United States 9th Circuit Court of Appeals Reports


VELARDE v. GONZALES, 04-71974 (9th Cir. 1-8-2007) GIL
DELATORRE VELARDE, Petitioner-Appellant, v. ALBERTO R.
GONZALES, Attorney General, Respondant-Appellee. No.
04-71974, Agency No. A70-957-605. United States Court of
Appeals, Ninth Circuit. Argued and Submitted November 13,
2006. San Francisco, California. January 8, 2007.

[EDITOR’S NOTE: This case is unpublished as indicated by the
issuing court.] MEMORANDUM[fn*]

[fn*] This disposition is not appropriate for publication
and is not precedent except as provided by 9th Cir. R.

On Petition for Review of an Order of the Board of
Immigration Appeals.

Before: SCHROEDER, Chief Circuit Judge, FARRIS and
RAWLINSON, Circuit Judges.

Petitioner submits various claims seeking relief from
removal on account of his status as a homosexual and,
alternatively, on account of political opinion.

Petitioner alleges three incidents where he was ridiculed
or harassed as a result of his homosexuality. However, the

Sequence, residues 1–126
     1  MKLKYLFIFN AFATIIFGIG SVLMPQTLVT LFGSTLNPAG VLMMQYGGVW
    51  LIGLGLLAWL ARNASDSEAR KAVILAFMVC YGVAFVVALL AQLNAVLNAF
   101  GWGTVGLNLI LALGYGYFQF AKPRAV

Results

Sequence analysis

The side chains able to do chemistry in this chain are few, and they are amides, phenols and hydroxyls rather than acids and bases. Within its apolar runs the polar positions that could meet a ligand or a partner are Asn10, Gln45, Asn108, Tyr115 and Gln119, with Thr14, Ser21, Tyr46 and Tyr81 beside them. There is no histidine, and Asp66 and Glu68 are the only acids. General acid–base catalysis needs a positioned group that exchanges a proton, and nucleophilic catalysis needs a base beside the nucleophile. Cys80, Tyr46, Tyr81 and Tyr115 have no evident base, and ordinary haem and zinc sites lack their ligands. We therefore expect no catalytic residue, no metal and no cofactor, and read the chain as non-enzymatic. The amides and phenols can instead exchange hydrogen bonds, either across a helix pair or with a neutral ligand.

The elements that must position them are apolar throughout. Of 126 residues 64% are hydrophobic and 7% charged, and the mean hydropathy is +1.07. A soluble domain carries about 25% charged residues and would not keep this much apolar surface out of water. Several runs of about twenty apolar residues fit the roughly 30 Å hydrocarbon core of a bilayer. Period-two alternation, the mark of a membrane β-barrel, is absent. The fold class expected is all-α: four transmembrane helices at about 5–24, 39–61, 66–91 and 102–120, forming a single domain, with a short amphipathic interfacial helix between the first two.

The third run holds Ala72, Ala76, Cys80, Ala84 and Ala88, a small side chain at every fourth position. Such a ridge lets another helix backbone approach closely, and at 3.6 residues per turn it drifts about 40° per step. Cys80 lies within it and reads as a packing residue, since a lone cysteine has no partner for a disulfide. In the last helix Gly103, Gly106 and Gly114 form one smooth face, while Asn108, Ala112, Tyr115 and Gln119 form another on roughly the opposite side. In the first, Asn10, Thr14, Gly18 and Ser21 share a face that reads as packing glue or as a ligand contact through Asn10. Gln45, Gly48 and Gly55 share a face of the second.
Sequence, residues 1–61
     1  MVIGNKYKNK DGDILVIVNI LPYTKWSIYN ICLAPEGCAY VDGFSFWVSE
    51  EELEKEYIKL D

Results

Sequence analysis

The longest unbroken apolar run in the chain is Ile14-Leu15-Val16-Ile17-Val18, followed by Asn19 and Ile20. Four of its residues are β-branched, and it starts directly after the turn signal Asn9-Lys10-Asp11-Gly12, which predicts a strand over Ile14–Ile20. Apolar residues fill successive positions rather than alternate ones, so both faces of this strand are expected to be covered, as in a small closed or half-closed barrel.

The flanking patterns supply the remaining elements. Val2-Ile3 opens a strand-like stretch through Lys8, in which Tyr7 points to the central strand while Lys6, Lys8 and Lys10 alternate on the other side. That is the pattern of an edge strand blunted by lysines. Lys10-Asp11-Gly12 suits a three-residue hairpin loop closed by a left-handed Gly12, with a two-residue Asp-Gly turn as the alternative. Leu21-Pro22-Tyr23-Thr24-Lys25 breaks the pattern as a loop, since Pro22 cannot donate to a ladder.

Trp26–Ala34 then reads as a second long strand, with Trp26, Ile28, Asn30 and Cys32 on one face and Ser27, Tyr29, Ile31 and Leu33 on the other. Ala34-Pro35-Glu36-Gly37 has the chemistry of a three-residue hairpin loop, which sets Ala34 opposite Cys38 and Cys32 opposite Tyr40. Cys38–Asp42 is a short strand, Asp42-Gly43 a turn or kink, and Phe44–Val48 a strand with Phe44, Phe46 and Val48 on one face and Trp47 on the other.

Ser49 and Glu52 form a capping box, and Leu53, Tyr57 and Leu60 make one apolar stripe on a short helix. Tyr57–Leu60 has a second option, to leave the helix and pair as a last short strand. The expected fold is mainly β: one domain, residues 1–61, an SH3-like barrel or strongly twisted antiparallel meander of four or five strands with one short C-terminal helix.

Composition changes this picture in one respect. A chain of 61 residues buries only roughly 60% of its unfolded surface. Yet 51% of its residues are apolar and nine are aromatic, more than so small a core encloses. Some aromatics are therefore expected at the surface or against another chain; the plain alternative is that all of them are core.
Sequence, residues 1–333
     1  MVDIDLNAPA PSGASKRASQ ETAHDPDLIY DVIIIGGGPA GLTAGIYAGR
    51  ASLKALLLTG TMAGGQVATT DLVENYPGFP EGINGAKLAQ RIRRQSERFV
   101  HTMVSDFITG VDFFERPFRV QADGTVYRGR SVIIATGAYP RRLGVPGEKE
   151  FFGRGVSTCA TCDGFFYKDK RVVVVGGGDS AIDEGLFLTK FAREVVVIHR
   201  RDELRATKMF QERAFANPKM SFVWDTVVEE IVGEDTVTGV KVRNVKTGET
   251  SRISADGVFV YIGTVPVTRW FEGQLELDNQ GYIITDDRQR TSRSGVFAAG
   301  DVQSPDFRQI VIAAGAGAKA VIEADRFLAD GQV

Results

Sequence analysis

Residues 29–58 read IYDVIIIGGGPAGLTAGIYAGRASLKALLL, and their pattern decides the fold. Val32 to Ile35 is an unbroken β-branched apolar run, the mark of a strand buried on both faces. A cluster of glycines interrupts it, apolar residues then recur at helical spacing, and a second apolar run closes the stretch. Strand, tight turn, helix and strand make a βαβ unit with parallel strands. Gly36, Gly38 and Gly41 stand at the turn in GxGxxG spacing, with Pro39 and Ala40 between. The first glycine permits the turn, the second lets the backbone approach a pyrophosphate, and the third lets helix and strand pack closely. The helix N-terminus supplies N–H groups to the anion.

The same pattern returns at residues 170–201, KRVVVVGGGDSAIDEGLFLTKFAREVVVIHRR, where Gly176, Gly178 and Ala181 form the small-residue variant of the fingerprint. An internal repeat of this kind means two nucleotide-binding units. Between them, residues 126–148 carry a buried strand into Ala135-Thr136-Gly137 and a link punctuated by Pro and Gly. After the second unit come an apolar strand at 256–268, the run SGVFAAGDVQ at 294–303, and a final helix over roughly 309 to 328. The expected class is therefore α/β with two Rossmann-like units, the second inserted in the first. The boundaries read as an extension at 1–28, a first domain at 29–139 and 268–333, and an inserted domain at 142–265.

statute under which Petitioner seeks relief requires
persecution. 8 U.S.C. § 1158(b)(1); 8 C.F.R.
§ 208.13(b). Persecution is “the infliction of
suffering or harm upon those who differ in a way regarded
as offensive.” Desir v. Ilchert, 840 F.2d 723, 727 (9th
Cir. 1988). It is an “extreme concept.” Fisher v. INS, 79
F.3d 955, 961 (9th Cir. 1996). None of the three incidents
of ridicule or harassment is sufficient to constitute past
persecution. There also is no basis in the record for a
claim of fear of future persecution based on Petitioner’s

Although a failure to show persecution does not necessarily
preclude CAT relief, Petitioner does not point to any
additional evidence that the Immigration Judge should have
considered in evaluating his CAT claim. Therefore, we must
affirm the Immigration Judge’s denial of relief on this
claim as well. See Farah v. Ashcroft, 348 F.3d 1153, 1156-57
(9th Cir. 2003).

Finally, the record fails to show a well-founded fear of
persecution or a likelihood of torture based on
Petitioner’s alleged spying against the New Peoples’ Army.
He received word in 1979 that the New Peoples’ Army
suspected him of spying, but he continued to visit New
Peoples’ Army camps for five years without incident.
Moreover, the record shows that the New Peoples’ Army’s
strength has substantially diminished since Petitioner left
the Philippines. His alleged fear of persecution or torture
by the New Peoples’ Army is not well-founded.